Breeding Bird Surveys
In 2018, the Vermont Center for Ecostudies (VCE) continued demographic monitoring of Bicknell’s Thrush (Catharus bicknelli), Swainson’s Thrush (C. ustulatus), Blackpoll Warbler (Setophaga striata), Yellow-rumped (Myrtle) Warbler (S. coronata coronata), White-throated Sparrow (Zonotrichia albicollis), and other songbirds, completing the 27th consecutive breeding season on the Mt. Mansfield ridgeline. Regular monitoring is essential to assess trends in species presence, species richness, population levels, and demographics. With the addition of phenological information, improved understanding can inform conservation strategies. Such information is critical to the preservation of sensitive species.
Demographic monitoring of Bicknell’s Thrush (Catharus bicknelli), Swainson’s Thrush (C. ustulatus), Blackpoll Warbler (Setophaga striata), Yellow-rumped (Myrtle) Warbler (S. coronata coronata), White-throated Sparrow (Zonotrichia albicollis), and other songbirds, is performed on the Mt. Mansfield ridgeline.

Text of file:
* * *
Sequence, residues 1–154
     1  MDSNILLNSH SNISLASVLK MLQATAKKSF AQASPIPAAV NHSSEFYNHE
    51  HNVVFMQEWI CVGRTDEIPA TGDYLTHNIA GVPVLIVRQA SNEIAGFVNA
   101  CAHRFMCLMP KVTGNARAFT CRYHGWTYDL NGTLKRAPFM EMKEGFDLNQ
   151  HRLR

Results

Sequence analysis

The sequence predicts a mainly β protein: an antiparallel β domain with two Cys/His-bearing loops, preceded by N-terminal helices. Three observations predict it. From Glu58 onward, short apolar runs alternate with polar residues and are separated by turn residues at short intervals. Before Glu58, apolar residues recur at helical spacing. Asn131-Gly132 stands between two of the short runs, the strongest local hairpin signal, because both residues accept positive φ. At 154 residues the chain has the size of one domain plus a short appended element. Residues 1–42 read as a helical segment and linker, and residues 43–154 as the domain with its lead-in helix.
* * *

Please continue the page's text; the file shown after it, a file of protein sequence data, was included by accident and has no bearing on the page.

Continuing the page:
Demographic monitoring uses mist-netting and banding techniques at an established study plot on the Mt. Mansfield ridgeline between 1155-1190 m (3800-3900 ft) elevation. Every year, typically between the end of May and the beginning of August, 10–30 nylon mist nets are placed at sites that have been used annually since 1992. Each captured individual is fitted with a uniquely-numbered leg band and the appropriate data related to age, sex, breeding condition, and bird health are recorded. Other standard metrics including wing chord, tail length, weight, and tarsal length are also recorded. Additionally, a small blood sample was obtained from Bicknell’s Thrushes for long-term monitoring of mercury burdens.
Breeding bird surveys were also conducted at permanent study sites located on the west slope of Mt. Mansfield in Underhill State Park (UNSP) and at the Lye Brook Wilderness Area (LBWA). These two study sites are part of VCE’s long-term Forest Bird Monitoring Program (FBMP), which was initiated in 1989 with the primary goals of conducting habitat-specific monitoring of forest interior breeding bird populations in Vermont and tracking long-term changes (Faccio et al. 1998, 2017).
Each study site contains five-point count stations. Survey methods include unlimited distance point counts, based on the approach described by Blondel et al. (1981) and used in Ontario (Welsh 1995). Counts begin shortly after dawn on days where weather conditions are unlikely to reduce count numbers. Observers record all birds seen and heard during a 10-minute sampling period, divided into 2-, 3-, and 5-minute intervals.